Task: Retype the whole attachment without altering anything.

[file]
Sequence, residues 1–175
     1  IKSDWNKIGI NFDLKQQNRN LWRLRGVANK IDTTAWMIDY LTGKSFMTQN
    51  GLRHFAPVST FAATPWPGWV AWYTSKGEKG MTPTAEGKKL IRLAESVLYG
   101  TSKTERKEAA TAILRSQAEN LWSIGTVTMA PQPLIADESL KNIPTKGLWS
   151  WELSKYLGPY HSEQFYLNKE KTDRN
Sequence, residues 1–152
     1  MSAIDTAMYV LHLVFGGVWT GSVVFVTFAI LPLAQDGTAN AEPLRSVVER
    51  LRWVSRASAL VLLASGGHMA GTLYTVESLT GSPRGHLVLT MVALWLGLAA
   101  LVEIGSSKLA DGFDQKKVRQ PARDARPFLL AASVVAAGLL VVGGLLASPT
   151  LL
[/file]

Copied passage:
Sequence, residues 1–175
     1  IKSDWNKIGI NFDLKQQNRN LWRLRGVANK IDTTAWMIDY LTGKSFMTQN
    51  GLRHFAPVST FAATPWPGWV AWYTSKGEKG MTPTAEGKKL IRLAESVLYG
   101  TSKTERKEAA TAILRSQAEN LWSIGTVTMA PQPLIADESL KNIPTKGLWS
   151  WELSKYLGPY HSEQFYLNKE KTDRN
Sequence, residues 1–152
     1  MSAIDTAMYV LHLVFGGVWT GSVVFVTFAI LPLAQDGTAN AEPLRSVVER
    51  LRWVSRASAL VLLASGGHMA GTLYTVESLT GSPRGHLVLT MVALWLGLAA
   101  LVEIGSSKLA DGFDQKKVRQ PARDARPFLL AASVVAAGLL VVGGLLASPT
   151  LL